50 Years of Bond: ‘Skyfall’ Score proves Thomas Newman as a versatile composer

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Skyfall

Composed by Thomas Newman

Sony Classical
November 6th 2012

It’s been 25 years since John Barry scored The Living Daylights, his final Bond movie, and since then, every composer who’s tackled a Bond score has tried to step out of his shadow, with varying degrees of success. David Arnold racked up 5 Bond movies as composer, but it was time for him to step aside once Sam Mendes came on board as director of Skyfall. Mendes went with a reliable choice in Thomas Newman, who rose to prominence scoring movies such as The Shawshank Redemption and The Green Mile. He’s at his best when working with dramas, and his suitability to a Bond movie has been questioned, but we’re happy to report that he’s risen to the challenge admirably.

The score itself runs to just a shade over 77 minutes, with 30 cues featured (and Adele’s “Skyfall” omitted – some would say for the better, as it just seems like a second-rate Shirley Bassey impression, its re-imagining as part of “Komodo Dragon” faring far better), but never once feels like it’s outstaying its welcome. There’s an intoxicating Middle Eastern flair present in some of the pieces here: “Grand Bazaar, Istanbul” kicks things off at a high dramatic pitch, its energetic approach heralding the start of something new for Newman. “Voluntary Retirement “and “New Digs” both help to cement the score’s style, and more importantly, its sense of style; the use of a full orchestra adds plenty of colour to the musical palette, and when it is allowed to take centre stage for a little while, as on “Brave New World”, the variety it displays in a piece lasting for less than 2 minutes is impressive.

Something which may surprise long-time fans of Newman is the amount of action music he has included in the score; there may be some moments which seem a little ‘by the numbers’ – whilst brief and powerful, Silhouette wouldn’t sound out of place in any other big-ticket action flick from the last few years – he gives typical action fare a darker twist in Jellyfish, which sets the scene with rushing strings, ebbing and flowing between all-out attack and reflective serenity in a manner that marks it out as a highlight of the entire score. The impressively varied approach to instrumentation means that such pieces rub shoulders with an all-too-brief moment of tenderness on Modigliani, which itself paves way for appropriately cinematic atmospherics on Day Wasted”. It’s as though Newman knew what was expected of him and tried to wrong-foot the listener at almost every turn.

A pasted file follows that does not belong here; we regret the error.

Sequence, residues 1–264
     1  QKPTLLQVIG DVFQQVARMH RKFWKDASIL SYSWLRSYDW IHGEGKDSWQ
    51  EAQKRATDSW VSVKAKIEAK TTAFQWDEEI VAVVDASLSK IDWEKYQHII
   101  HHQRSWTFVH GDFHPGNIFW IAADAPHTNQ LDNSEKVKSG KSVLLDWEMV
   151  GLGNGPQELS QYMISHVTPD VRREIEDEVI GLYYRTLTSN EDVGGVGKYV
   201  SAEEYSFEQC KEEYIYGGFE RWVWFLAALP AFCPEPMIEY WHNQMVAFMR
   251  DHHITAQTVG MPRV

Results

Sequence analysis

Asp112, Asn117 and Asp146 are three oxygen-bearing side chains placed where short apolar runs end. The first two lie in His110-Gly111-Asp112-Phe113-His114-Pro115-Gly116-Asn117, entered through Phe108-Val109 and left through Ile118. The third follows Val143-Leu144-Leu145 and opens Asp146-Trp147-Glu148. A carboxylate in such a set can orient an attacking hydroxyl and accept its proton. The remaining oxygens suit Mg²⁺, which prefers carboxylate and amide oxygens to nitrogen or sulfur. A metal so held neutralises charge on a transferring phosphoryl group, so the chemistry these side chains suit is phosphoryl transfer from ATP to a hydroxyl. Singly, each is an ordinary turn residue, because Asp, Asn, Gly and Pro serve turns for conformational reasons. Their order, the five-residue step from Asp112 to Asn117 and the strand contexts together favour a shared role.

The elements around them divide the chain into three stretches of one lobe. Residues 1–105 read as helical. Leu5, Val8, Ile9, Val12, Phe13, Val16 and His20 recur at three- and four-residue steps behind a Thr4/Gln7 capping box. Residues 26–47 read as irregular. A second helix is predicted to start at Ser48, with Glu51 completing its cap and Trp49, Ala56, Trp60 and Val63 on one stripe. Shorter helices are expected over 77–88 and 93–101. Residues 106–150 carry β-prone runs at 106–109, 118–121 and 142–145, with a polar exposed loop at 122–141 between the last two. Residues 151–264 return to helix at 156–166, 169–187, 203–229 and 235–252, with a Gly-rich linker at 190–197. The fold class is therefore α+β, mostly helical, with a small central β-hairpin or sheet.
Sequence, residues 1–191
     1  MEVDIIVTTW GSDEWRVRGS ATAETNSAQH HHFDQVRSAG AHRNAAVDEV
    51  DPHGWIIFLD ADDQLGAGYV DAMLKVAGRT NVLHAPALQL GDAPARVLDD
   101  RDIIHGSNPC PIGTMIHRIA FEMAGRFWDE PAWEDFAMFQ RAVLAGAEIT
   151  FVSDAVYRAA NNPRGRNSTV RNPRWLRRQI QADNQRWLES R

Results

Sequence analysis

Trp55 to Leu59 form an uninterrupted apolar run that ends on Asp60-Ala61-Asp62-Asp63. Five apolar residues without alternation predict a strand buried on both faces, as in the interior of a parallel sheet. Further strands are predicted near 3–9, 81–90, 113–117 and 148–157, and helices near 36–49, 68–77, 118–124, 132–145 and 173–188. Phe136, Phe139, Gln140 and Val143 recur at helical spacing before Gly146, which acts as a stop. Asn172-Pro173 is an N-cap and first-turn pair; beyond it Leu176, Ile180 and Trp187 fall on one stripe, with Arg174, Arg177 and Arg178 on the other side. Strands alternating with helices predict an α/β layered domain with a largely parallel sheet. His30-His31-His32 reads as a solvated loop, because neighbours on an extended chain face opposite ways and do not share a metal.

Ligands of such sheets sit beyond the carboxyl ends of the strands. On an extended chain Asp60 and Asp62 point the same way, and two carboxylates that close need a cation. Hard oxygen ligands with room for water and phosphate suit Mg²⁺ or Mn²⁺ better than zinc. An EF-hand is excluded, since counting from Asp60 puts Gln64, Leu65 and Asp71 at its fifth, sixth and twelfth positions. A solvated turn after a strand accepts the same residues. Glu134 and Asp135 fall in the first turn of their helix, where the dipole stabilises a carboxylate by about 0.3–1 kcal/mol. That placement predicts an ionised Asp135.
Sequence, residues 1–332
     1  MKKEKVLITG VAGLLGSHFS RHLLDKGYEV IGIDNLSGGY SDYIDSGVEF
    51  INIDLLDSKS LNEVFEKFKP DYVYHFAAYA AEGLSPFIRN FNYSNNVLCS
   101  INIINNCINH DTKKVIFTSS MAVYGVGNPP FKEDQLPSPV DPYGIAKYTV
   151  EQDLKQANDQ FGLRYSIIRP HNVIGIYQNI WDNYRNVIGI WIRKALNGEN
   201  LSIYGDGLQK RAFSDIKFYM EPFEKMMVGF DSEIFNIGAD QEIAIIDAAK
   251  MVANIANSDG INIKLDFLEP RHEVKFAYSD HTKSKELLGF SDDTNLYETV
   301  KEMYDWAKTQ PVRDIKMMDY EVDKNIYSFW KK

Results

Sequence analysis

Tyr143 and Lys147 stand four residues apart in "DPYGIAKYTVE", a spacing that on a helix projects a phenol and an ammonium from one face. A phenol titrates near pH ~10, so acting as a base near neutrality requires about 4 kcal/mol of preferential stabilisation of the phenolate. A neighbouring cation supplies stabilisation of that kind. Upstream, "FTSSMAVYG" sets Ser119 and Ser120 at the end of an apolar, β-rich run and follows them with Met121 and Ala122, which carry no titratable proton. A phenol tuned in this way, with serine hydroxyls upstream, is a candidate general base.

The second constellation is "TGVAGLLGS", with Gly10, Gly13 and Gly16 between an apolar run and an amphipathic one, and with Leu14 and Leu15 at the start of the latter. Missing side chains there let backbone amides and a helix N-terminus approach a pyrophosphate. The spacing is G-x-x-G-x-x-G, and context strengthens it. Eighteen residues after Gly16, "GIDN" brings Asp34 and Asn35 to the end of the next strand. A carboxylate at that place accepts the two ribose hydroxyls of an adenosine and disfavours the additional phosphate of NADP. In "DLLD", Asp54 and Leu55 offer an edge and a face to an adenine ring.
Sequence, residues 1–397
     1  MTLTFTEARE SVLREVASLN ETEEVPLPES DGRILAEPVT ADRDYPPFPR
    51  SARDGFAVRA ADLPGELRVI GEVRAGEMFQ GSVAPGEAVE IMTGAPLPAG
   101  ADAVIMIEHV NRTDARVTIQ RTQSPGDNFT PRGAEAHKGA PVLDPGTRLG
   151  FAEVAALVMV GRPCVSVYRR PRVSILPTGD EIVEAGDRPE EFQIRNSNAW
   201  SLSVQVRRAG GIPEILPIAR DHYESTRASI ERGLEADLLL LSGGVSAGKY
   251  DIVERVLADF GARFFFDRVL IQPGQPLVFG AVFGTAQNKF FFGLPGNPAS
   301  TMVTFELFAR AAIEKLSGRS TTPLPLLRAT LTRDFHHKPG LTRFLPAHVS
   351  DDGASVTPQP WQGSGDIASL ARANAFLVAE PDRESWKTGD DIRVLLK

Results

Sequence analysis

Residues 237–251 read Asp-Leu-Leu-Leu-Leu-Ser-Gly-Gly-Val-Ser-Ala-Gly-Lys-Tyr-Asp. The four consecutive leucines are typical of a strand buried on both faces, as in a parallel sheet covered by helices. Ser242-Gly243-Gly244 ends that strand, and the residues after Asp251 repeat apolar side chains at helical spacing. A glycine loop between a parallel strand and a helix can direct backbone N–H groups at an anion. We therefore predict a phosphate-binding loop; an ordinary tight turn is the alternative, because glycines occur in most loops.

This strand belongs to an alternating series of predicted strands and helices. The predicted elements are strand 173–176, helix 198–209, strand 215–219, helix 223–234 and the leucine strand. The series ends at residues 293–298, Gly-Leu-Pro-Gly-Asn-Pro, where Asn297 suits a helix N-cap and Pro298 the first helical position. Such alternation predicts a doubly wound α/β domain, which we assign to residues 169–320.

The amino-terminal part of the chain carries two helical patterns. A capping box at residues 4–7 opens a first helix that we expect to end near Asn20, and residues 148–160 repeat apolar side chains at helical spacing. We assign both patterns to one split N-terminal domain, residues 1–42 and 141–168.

“The Bloody Shot”, meanwhile, deserves to count among the finest pieces Newman has composed in recent years, and proves beyond all doubt that he can indeed cut the mustard as an action film composer. It is at this point in the score that Newman truly comes into his own, and from that point on (with 16 cues left), he’s on top form, as evinced by the sweeping grandeur of The Chimera(which is so vivid and vibrant that if one closed their eyes whilst listening to it, they could picture the scene perfectly) and the remarkable 5-piece run that begins with”Gransborough Road” and ends with Skyfall itself (unrelated to the movie’s theme tune).

There’s even a full appearance of the iconic Bond theme in “Breadcrumbs”, and the moment it arrives is immediately striking, given that Newman has been teasing the listener with quotes from it almost every chance he gets. From there, things become progressively more intense, and it’s only penultimate cue Mother” that offers a brief respite. This full-on approach is certainly different to Newman’s usual fare, but it is refreshing to hear, and it’s opened him up to a whole world of composing opportunities. It remains to be seen if he’ll get the call for Bond 24; those who are tasked with looking for a composer for Bond 24 would do well to keep him in mind. Even if Mendes is not at the helm for that movie, hearing that Newman has proved himself as a versatile composer who’s able to work well out of his comfort zone, should keep him in the running.

– Garreth O’Malley

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